Source: News conference on his withdrawal from NY Senate race May 20, 2000

Rudy discounts Bush’s impact on Senate race

This Senate election is going to get decided as a Senate election. There are theories that go around that New Yorkers will vote for one party for the president and the other for the Senate to balance things out. That’s as interesting a theory as anything else. So, I would not be overwhelmed by the thought of who would be better for me [as the candidate to head the Republican presidential ticket].
Source: New York Times, Page A25 Mar 9, 2000

Campaign theme: Transformation of NYC

The resurgence of the nations largest and most diverse city has made headlines across the country. A recent Harris poll named New York as the City most Americans would like to live in or visit. And three consecutive years of record tourism has confirmed New York’s position as the number one tourist destination in America for international travelers. People want to see for themselves the transformation of the City of New York.
Source: RudyYes.com, “Proven Leadership” web site Dec 9, 1999

Turned around NYC & made it safe again

Giuliani says, “We were told to pack it up, that our best days were behind us.” The mayor has created 341,000 new jobs, cut taxes by more than $2.4 billion and moved 510,000 people off welfare, according to his TV advertisement: “Rudy has made New York the safest large city in America,” the narrator says. “I’ve made people believe again, feel free again,” Giuliani says.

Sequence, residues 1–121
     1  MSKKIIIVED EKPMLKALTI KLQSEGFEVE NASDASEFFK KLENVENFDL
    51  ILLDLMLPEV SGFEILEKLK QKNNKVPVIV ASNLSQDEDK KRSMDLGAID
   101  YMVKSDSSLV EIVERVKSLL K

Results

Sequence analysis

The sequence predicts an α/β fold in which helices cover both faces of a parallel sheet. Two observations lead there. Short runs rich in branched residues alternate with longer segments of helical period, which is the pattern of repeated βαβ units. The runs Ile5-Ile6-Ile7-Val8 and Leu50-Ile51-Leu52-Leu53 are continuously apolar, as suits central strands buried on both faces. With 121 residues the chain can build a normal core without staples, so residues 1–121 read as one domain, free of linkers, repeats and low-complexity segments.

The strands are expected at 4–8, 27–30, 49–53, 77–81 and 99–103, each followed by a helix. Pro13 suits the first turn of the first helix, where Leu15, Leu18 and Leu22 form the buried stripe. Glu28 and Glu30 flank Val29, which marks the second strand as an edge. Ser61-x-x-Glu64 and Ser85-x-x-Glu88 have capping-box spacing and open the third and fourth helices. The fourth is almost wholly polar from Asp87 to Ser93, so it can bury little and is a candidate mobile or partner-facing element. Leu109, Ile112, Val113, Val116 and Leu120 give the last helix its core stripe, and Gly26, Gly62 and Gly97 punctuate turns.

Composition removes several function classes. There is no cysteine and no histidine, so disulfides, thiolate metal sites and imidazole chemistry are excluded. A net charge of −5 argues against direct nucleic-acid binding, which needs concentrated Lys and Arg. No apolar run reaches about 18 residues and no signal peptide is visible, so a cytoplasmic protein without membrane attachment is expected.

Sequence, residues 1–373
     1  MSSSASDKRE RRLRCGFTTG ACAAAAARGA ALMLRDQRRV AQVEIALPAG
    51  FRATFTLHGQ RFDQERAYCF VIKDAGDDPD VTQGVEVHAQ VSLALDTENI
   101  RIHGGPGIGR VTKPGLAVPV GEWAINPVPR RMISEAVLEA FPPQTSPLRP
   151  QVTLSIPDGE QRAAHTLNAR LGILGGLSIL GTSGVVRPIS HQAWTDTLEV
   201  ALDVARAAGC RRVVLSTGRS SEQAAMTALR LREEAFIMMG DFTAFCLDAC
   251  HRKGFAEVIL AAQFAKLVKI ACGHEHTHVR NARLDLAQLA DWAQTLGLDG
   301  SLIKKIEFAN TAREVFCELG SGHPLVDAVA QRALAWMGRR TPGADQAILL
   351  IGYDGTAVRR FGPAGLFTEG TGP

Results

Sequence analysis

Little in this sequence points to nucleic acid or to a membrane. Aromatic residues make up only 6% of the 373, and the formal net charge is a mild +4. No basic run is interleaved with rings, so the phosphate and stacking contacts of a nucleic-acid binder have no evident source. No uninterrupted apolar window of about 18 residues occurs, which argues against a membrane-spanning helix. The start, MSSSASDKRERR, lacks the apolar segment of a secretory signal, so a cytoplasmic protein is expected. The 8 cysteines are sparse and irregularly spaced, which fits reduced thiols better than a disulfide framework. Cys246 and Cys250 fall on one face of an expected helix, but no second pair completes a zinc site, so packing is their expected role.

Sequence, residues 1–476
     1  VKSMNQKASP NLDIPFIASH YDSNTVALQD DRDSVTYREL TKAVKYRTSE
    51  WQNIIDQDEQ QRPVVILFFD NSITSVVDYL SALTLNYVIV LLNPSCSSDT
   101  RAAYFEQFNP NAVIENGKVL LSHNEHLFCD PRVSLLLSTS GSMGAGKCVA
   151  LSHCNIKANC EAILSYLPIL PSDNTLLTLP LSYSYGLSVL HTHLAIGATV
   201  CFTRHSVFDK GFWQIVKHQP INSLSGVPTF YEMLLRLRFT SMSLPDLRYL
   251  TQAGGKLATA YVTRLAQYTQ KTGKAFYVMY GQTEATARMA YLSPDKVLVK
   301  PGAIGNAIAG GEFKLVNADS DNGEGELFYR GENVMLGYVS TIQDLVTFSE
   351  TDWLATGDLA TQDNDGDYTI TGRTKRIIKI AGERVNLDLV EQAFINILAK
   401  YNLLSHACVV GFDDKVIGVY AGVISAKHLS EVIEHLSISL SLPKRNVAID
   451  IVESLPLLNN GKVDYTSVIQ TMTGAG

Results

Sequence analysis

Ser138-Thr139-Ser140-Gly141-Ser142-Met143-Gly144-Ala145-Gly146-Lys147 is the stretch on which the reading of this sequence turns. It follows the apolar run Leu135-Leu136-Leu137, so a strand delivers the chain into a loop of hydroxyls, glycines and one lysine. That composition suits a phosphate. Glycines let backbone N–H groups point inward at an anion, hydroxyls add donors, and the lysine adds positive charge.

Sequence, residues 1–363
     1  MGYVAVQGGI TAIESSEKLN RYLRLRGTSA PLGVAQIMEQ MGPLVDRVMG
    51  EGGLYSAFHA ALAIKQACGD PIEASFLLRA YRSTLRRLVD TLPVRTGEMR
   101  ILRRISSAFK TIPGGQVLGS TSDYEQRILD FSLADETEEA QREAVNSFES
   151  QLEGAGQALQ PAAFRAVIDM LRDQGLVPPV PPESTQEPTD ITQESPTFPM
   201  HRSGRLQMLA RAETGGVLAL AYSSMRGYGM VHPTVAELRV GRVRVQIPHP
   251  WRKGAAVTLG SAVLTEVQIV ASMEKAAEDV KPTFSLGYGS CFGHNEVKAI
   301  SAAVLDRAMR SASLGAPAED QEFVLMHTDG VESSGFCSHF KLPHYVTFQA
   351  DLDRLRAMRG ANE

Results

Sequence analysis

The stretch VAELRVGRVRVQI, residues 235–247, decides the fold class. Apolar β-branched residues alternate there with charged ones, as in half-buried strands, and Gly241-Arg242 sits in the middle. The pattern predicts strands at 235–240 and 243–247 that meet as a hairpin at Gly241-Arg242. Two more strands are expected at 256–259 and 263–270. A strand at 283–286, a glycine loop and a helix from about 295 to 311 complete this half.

Source: TV Advertisement (text reported by ABCnews.com) Nov 5, 1999

Love and long term attachment needed to represent NY state

To represent the state of New York in the senate, you really have to a great deal of knowledge of the place. You have to have a tremendous attachment to it. You have to love it and have demonstrated that over a period of time. Upstate concerns are the same as those of New York City-taxes, educational reform, and public safety.
Source: News Room, Oneida County Republican gala Apr 24, 1999

Other candidates on Principles & Values: Rudy Giuliani on other issues:
GOP: Sen.John McCain
GOP V.P.: Gov.Sarah Palin
Democrat: Sen.Barack Obama
Dem.V.P.: Sen.Joe Biden

Third Parties:
Constitution: Chuck Baldwin
Libertarian: Rep.Bob Barr
Constitution: Amb.Alan Keyes
Liberation: Gloria La Riva
Green: Rep.Cynthia McKinney
Socialist: Brian Moore
Independent: Ralph Nader
Civil Rights
Foreign Policy
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Health Care
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Tax Reform

Page last updated: Feb 08, 2010